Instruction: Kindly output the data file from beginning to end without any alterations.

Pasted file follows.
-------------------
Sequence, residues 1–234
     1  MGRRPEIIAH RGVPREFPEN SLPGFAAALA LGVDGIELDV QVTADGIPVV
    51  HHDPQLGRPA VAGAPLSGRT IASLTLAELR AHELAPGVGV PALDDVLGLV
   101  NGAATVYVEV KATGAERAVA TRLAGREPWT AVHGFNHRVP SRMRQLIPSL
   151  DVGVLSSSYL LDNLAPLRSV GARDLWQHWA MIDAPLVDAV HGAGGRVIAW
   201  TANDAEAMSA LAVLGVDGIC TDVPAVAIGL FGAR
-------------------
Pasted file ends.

Sequence, residues 1–234
     1  MGRRPEIIAH RGVPREFPEN SLPGFAAALA LGVDGIELDV QVTADGIPVV
    51  HHDPQLGRPA VAGAPLSGRT IASLTLAELR AHELAPGVGV PALDDVLGLV
   101  NGAATVYVEV KATGAERAVA TRLAGREPWT AVHGFNHRVP SRMRQLIPSL
   151  DVGVLSSSYL LDNLAPLRSV GARDLWQHWA MIDAPLVDAV HGAGGRVIAW
   201  TANDAEAMSA LAVLGVDGIC TDVPAVAIGL FGAR